We have a legacy application of about ten years old, which uses a database for caching. Each time a request came in, the database was queried to look for that request with the specific input parameters, and if found, the cached version of the data was taken. This worked fine, except when there was a lot of traffic, where it became a bottleneck.
To remove this bottleneck, we needed another way of caching; and so we decided to replace it with memcached. This article describes my first test with setting up and using memcached to see how it works.
Referring to the definition “Free & open source, high-performance, distributed memory object caching system, generic in nature, but intended for use in speeding up dynamic web applications by alleviating database load.”, we can say that memcached is like a short-term memory for your data. You can store simple and more complex objects in it, which makes your web site respond a lot faster than when it would have to get that data from a database each time. You can specify the amount of memory it can use – which means that if the memory is full, older data gets purged in a least recently used order.
It’s important to understand that servers are disconnected from each other, which means that if you have more than one server, each server is unaware of the others, so they are not synchronized. As such, the effect of adding more servers is that you will simply get more capacity. This means the client must have the intelligence to decide what server to use (Hashing/Key Distribution), as each of your data will be stored only once on exactly one of the memcached servers.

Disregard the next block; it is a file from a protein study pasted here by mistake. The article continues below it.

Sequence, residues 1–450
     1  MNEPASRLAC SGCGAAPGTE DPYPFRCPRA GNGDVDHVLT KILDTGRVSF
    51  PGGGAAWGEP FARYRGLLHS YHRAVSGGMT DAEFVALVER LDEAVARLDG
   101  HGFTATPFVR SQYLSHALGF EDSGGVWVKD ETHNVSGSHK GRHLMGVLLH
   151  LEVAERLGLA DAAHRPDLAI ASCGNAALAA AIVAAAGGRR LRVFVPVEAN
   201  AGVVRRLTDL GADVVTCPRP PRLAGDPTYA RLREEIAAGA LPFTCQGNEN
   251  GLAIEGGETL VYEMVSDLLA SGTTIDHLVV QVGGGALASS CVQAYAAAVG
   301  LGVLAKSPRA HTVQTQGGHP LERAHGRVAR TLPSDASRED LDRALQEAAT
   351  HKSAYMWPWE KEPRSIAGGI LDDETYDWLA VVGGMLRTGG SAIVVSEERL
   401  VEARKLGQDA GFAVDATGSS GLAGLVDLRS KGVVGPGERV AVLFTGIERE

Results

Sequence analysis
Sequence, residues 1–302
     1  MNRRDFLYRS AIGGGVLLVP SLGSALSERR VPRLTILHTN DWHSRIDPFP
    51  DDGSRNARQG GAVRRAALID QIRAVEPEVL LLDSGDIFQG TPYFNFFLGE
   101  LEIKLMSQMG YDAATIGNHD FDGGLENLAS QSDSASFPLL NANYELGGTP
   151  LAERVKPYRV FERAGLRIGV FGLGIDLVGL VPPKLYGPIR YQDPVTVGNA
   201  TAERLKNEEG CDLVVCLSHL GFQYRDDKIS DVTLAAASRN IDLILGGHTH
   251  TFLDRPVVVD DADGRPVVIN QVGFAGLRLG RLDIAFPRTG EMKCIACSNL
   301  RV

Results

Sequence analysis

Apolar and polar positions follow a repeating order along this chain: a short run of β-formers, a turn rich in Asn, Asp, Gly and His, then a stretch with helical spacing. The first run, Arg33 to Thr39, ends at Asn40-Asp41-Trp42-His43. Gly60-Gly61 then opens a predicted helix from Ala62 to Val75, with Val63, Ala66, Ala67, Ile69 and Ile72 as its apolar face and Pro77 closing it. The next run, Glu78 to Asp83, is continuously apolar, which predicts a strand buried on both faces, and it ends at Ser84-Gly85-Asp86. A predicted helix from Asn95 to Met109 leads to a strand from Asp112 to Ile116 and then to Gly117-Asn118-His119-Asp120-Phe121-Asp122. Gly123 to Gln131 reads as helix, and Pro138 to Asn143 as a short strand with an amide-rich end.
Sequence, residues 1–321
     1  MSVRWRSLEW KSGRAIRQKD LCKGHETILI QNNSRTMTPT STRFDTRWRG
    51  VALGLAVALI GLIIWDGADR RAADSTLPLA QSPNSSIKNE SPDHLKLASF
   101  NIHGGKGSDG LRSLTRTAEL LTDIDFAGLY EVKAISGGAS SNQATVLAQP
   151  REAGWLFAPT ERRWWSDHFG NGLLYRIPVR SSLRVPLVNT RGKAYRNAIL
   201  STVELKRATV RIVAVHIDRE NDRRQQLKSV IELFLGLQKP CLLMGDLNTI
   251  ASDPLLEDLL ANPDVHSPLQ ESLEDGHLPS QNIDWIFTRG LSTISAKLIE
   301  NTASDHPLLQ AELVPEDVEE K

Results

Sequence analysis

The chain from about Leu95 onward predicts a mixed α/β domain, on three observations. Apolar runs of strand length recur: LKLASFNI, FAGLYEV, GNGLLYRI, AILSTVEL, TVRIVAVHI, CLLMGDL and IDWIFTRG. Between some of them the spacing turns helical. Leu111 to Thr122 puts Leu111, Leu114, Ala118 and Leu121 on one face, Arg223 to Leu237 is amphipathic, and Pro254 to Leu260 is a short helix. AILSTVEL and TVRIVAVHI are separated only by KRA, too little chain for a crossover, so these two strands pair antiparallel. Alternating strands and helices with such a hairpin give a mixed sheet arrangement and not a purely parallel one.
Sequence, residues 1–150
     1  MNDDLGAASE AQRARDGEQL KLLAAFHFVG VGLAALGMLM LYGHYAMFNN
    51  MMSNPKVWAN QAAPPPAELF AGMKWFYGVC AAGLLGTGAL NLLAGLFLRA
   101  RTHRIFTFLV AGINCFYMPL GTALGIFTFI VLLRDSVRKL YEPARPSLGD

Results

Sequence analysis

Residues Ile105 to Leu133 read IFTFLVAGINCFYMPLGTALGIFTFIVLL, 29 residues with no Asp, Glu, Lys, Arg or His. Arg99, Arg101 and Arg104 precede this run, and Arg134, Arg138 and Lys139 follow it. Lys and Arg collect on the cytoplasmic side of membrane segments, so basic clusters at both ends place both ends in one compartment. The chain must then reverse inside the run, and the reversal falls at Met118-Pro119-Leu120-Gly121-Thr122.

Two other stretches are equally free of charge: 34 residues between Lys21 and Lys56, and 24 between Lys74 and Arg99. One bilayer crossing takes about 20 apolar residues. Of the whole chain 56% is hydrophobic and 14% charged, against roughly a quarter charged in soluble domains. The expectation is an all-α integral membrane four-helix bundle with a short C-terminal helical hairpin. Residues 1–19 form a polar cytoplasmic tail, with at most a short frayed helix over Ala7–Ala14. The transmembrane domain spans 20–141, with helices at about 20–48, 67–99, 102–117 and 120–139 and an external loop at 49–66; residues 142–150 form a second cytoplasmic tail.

First we need to install memcached on the server. On the project site there are no packages, only sources; but you can download a windows package from here. I took the memcached 1.4.5 win64.zip version, which contains 2 files after you unzip it:
So copy these files somewhere on the server. In my case I used my development computer itself as the server.
Now you have to options: run it as a console application or as a service. Running it as a console application is fine if you are doing R&D, but for real development you should install it as a service of course.
It seems that the latest version cannot be run as a service anymore, it should be wrapped in something else to make it run as a service. Anyway, for my test, I’m just going to run it by starting the memcached executable with some parameters. So run the elevated command prompt (run as administrator), go to the location where you copied memcached and start it as follows:
memcached -p 12345 -m 64 –vv [ENTER]
- p 12345 specifies the portnumber the memcached instance will listen to
- m 64 specifies the amount of RAM in Mb that memcached will use for storage
- vv controls verbosity (the amount of information that is logged)
The result will be a running memcached instance:
To test this, open a new command prompt, and type:
telnet 127.0.0.1 12345 [ENTER]
You will see an empty prompt:
set mymessage 1 0 11 [ENTER]
Hello world [ENTER]